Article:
It’s risky for me to try new things, but I justify them by asking myself if I am using them (these beautiful linens) as they are, or if they are merely stunning dust bunnies, gathering a plethora of skin and hair and other choice particles to themselves as I contemplate what might happen to them if I try. Case in point: that pretty tablecloth which is now a pil of annoying tulips and cotton on the floor with a hole in the middle, albeit with a well-sewn zip.

Anyhoo, I cut off the bit down the middle and am going to pleat the shit out of it, since the hem will only work if it is circular. Circular my ass.

Another Tablecloth Skirt

I’ve had the week off work and thought about doing some rad sewing but I was a bit busy, so here is me trying to squeeze it in before things go back to the way they were, sad emoji.

I was out with the boys the other day and intended to open a bank account, but somebody decided they simply had to go the bathroom, and where do you go if there are no public restrooms? Somewhere there are private restrooms, for paying customers only. Excluding food establishments, an antique store is the next best thing, especially when it is actually next door. But one can’t simply wend one’s way through the store straight to the shitter, especially when one has kids and you just know the beady eyes behind the desk know exactly what I’m on about. So you casually wander and while people are fighting over who lifts the seat up first [is this really my life], you grab a few choice items to justify it all.

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This gorgeous fabric is a duvet cover, AKA twice the fabric for the same bargain price!

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And this gorgeous tablecloth has got ‘skirt’ written all over it. But first I had to get rid of the peekaboo monkey so I could eat my secret bacon in secret.

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For my other tablecloth skirts, I cut them in half and pleated the shit out of them, but I don’t want to interrupt the pattern, this time, so I’m going for another pinterest diy so I can keep the slim waistline and rev up the twirl factor. Sweet tip: a super cool reason to repurpose tablecloths for skirts is that the hem is already done!

I’m using some leftover fabric from the kindy quilt I made a few months ago, for the waistband.

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Cue the thousand interruptions from the children, and then take note of how she does the waistband, which covers the seam and the inside of the zip. I’m a fan, though it’s hard to concentrate while someone else farts in my bathroom and draws on the tiles.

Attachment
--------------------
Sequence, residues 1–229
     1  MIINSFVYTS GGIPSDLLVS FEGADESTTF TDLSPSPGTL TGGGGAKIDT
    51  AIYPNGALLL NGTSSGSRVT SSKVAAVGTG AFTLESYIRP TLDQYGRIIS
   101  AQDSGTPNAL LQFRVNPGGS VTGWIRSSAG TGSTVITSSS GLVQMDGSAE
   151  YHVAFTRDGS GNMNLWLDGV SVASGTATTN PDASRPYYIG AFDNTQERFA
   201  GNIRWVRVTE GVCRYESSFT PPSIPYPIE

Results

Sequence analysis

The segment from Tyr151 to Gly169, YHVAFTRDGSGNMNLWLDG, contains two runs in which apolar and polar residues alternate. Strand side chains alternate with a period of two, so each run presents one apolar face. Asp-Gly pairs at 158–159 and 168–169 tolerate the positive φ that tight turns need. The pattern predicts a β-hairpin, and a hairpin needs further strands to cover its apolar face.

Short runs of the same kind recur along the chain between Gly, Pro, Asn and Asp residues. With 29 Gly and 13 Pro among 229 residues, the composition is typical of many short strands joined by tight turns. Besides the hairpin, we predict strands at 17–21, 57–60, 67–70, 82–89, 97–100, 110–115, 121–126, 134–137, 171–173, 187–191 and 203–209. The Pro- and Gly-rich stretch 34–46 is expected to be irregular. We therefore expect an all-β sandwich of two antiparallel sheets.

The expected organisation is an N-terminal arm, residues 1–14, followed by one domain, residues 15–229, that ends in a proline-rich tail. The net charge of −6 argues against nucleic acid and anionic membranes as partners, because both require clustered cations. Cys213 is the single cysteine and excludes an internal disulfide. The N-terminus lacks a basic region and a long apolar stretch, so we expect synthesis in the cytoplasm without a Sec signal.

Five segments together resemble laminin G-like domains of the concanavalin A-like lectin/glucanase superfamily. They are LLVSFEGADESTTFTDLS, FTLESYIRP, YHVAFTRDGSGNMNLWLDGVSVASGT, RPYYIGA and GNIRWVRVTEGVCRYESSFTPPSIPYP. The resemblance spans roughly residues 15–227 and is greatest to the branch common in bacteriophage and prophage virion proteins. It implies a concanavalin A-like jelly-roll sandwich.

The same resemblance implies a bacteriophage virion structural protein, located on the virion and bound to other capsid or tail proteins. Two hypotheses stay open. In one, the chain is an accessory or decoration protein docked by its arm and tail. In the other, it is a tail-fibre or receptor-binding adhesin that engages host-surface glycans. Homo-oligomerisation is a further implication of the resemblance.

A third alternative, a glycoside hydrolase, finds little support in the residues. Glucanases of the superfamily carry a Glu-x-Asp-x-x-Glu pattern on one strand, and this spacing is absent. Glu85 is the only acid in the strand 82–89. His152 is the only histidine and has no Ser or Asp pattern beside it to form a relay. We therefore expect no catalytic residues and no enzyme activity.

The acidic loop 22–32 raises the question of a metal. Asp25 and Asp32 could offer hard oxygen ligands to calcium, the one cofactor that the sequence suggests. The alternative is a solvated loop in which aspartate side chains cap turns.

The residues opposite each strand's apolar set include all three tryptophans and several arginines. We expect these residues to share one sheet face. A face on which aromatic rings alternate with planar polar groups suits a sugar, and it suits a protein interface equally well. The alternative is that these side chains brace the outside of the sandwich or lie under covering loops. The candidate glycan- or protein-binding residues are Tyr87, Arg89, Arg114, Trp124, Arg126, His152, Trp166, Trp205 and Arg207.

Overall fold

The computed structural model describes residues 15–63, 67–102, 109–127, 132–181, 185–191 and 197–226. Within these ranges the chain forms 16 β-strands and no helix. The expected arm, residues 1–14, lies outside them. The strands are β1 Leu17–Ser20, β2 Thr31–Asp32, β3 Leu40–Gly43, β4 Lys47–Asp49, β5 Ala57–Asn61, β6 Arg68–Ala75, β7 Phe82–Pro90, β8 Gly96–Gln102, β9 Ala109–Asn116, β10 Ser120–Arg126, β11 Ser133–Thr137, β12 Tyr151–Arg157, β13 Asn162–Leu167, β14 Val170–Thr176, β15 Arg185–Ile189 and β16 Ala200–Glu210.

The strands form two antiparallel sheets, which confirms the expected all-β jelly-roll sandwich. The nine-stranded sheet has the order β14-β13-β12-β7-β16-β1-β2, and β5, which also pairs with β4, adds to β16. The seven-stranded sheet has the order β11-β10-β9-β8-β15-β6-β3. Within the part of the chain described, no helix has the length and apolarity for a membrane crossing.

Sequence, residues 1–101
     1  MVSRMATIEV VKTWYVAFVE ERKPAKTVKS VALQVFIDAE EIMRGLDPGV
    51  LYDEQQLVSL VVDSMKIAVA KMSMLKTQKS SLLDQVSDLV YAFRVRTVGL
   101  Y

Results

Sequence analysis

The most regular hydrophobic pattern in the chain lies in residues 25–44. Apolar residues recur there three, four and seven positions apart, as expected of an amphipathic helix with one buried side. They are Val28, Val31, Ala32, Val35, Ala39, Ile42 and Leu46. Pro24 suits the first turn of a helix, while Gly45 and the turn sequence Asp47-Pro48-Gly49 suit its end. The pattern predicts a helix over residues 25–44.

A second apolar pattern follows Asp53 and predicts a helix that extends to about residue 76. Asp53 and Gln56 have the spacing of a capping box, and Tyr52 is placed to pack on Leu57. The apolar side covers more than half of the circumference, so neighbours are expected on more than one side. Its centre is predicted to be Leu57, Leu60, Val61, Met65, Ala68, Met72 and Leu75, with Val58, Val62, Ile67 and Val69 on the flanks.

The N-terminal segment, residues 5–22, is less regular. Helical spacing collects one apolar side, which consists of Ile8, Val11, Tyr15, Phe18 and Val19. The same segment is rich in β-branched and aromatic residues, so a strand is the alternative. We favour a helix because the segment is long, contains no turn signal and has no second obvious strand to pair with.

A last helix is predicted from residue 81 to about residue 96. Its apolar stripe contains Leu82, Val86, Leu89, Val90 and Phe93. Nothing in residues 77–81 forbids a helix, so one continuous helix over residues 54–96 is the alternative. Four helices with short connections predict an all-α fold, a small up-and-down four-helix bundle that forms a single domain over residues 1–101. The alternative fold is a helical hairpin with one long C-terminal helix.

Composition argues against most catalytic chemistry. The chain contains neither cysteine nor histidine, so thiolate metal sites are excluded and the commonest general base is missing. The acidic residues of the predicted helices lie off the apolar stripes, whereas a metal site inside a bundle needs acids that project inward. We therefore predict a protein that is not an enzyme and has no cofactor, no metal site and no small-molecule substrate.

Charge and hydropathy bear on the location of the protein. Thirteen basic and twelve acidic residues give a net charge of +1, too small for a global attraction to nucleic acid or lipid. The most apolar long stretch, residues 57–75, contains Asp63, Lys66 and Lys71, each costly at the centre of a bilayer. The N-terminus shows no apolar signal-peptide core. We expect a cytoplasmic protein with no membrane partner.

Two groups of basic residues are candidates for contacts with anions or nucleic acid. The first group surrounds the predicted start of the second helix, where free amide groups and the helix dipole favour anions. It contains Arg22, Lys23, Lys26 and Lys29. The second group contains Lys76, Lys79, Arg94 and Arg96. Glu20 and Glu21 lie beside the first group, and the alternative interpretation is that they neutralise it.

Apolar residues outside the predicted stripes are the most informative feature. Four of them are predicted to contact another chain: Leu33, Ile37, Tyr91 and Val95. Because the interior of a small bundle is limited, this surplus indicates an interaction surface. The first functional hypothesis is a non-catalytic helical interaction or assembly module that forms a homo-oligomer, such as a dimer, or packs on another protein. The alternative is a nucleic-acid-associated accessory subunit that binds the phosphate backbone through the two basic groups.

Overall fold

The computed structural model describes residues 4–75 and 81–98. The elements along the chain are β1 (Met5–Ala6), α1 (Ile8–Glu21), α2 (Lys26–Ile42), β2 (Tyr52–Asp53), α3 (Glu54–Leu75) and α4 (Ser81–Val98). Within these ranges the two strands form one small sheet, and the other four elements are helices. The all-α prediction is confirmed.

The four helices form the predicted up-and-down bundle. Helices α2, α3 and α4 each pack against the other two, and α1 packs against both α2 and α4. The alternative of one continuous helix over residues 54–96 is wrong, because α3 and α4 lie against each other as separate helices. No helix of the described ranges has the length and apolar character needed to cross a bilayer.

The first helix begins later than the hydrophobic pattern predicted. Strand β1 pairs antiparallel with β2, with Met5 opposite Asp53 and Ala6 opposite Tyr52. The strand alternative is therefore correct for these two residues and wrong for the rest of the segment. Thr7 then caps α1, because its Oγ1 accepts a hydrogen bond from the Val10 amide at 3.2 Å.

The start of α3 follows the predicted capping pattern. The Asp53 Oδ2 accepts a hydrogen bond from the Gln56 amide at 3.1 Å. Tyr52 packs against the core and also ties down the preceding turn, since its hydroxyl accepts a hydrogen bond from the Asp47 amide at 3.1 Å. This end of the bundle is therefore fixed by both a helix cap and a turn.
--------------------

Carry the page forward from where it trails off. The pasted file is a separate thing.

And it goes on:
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Update: I hate this skirt. I hate the asymmetric hemline because it’s a square and now looks like a bunch of fucking teatowels hanging off me, and the waist is too big. Fuck. I’m going to have wine and rethink this.

A Sewing Success Story

I found this dress at Goodwill or etc and figured I’d take it in and it would be perfect, like many of my other cotton rescues. Except that’s what actually happened, this time. 

Look how tidy my house is!

I added an extra pleat on both sides of the skirt and took in the waist section, and then sewed the two pieces back together like magic! 

The print is a little bit pajamas, but honestly, what vintage print isn’t? 

Husband asked this morning if I was wearing a nightie. Dick move. And his surprise was palpable when I told him the lady behind the counter when I nabbed a gift card for a birthday party, loved my dress. The dude is clueless. And paired with some sweet, suede shoes, I’ll mop the floor with him.

Pairing Vintage

I like vintage but I can’t wear all vintage, all the time. Why not, actually? Well, it’s expensive but also, probably too Jane Austen for everyday activities. But pairing one vintage piece with something plain is far more palatable for my wallet and stretches out my wardrobe, which means less washing and less tear on my wear.

My fave, new old shirt for work is a day at the Copa cabana.

Ignore the messy bed in the background

Paired with a plain skirt helps give people something else to look at so their eyes don’t burn, because she’s a bright one.

The shirt is a perfect fit and I’d love to use it as a pattern to make another shirt, and I have a lovely, white linen tablecloth which would be perfect for it. If only there was time for all of my ideas, sad emoji.

I Went Shopping!

And yes, judging by that exclamation point, it is safe to assume I found something wonderful.

The antique store downtown knows me and my boys as purveyors of good taste and good manners (so help them) respectively, as much as we know them purveyors of treasures as yet undiscovered. We sauntered around for a bit and a small pile grew on one of the counters as we walked to and fro.

The boys always want expensive, collectible cars and I always want vintage dresses and linens; it’s a tale as old as time. Sometimes, miracles do happen!

Just a tiny peekaboo seam that wants mending

I found this stunner, which at first I thought would go the other way because it was quite peekabooby. Lovely, nonetheless, but I’d hardly carry that off in a town where I see people I know and their husbands. No sir, my eyes are up here. But then I found something when I was fiddling inside that peekabooby neckline…

Church tongue. Far more appropriate. 

I also found a lovely headpiece and I will just need an equally small comb to attach to the pink one I found last time. I love these big bows!

I actually have a similar gown but with a far more modest neckline, e.g. lace to my chin, and I will measure against this dress to hem the other one the same, since they appear to have the same waist panels etc. Goodness know what I can do with the remainder of the fabric, but I will use that green bow as a thinking cap.

Happy Mother’s Day to all who that applies to, and happy shopping to all.